Until the emergence of Emir Kusturica in the 1980s, the sole Yugoslavian director of any international reputation was Dusan Makavejev, best known for his 1971 film 'W.R.: Mysteries of the Organism', which was included on Derek Malcolm's Century of Film list. I've yet to see this, but understand it's typical of Makavejev's style, combining satire with sexual anarchy, as well as references to sexuality from an academic perspective, with its title based on Wilhelm Reich, the Austrian psychiatrist and psychoanalyst. 'The Tragedy of a Switchboard Operator' similarly uses the study of sexuality as its foundations, with an opening lecture from an academic, who believes that sexuality is "more whispered than spoken about". Makavejev then uses images of sexuality throughout the ages over the lecture, with plenty of pornography from yesteryear.
Using editing between the past and present, Makavejev documents the ill-fated relationship between Izabela (Eva Ras), a switchboard operator and Ahmed (Slobodan Aligrudic), a sanitary inspector. Intriguingly, both Izabela and Ahmed are of minority descent; she's Hungarian, and he's Bosnian. What this shows is the ethnic and racial melting pot that Yugoslavia was, and this diversity and its historical conflict was only contained through totalitarianism. As soon as Communist fell, these historical conflicts spectacularly exploded. Perhaps their unstable union reflects the unstable union of the entire nation. Under the influence of early Godard, this relationship is shown in a breezy and whimsical fashion initially, with their trivial conversations in bed reflecting those of 'Breathless'. Contrasting these scenes are clips of Communist propaganda, which might initially seem non sequiturs, but perhaps make sense upon consideration. In a highly politicised society, Makavejev's films reject politics entirely. By showing the domestic and not the political world, he's perhaps more subversive than he would be by making a film that directly responds to the current political landscape. Sex is the best reaction to politics.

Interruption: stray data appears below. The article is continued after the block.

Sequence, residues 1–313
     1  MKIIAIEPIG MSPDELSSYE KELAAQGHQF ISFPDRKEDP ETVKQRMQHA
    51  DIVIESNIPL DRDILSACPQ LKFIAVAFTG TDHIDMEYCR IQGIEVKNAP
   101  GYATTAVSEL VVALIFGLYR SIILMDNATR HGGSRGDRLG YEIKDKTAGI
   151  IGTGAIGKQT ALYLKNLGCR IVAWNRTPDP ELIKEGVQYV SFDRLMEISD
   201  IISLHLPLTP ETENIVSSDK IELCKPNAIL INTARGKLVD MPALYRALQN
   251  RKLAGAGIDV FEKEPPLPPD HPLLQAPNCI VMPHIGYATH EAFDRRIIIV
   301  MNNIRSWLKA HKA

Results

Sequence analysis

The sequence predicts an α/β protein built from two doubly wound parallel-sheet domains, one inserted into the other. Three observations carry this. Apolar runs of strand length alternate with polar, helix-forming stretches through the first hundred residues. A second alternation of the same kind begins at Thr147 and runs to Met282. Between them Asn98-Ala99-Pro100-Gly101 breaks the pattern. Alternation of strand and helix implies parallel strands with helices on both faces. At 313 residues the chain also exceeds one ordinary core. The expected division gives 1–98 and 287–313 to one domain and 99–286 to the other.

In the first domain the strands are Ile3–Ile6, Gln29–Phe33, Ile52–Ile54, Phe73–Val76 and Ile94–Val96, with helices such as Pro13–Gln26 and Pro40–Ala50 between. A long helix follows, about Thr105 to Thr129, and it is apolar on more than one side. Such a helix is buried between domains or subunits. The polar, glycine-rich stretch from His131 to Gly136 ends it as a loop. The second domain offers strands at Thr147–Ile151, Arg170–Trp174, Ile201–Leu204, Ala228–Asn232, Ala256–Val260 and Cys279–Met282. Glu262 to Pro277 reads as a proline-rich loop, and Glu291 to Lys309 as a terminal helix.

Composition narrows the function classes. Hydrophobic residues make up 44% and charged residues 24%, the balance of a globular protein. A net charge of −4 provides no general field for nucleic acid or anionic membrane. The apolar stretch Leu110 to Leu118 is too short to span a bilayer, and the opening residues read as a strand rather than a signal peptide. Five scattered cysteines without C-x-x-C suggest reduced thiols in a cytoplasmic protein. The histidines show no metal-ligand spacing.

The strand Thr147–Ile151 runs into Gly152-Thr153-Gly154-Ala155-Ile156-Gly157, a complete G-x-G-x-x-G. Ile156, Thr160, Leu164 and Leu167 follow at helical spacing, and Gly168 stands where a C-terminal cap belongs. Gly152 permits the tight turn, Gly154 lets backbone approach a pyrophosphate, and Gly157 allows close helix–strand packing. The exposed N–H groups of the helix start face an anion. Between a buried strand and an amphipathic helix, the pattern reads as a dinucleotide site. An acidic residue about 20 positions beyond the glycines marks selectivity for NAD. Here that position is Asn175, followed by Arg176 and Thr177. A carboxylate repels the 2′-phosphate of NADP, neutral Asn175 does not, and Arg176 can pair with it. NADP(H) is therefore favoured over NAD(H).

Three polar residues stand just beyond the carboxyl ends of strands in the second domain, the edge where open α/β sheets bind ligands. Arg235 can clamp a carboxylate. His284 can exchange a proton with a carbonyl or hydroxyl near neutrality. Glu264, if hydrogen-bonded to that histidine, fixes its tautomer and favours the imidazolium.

The relationship turns tragic when Izabela has a one night stand with the switchboard centre's resident skirt-chaser, Mica (Miodrag Andric) who she'd previously rejected numerous times after becoming dissatisfied with Ahmed's seriousness ("Damn this for a life!" she exclaims at one moment) and the overbearing domesticity in their relationship. The scene in an early part of the film when a body is found in a well, and a criminologist lectures us about the act and psychology of murder, now makes sense to us. Though in a moment of tremendous irony, the whole incident turns out to be an unfortunate accident. And that's probably how we should consider this film; as a blackly comic and ironic film. The use of sexuality is indeed subversive. Both this and 'WR...' were offered to sex theatres by the director as a means of getting distribution abroad. However, I should add that I wasn't overly enamoured by this film. Some of the documentary footage used didn't really seem to fit with the rest of the film, e.g. the footage regarding the rat problem in Belgrade, unless its meaning goes over my head, but makes for a fairly disjointed film overall. It's clearly the work of a fertile imagination, but I'm not sure that creativity makes a coherent product. 3/5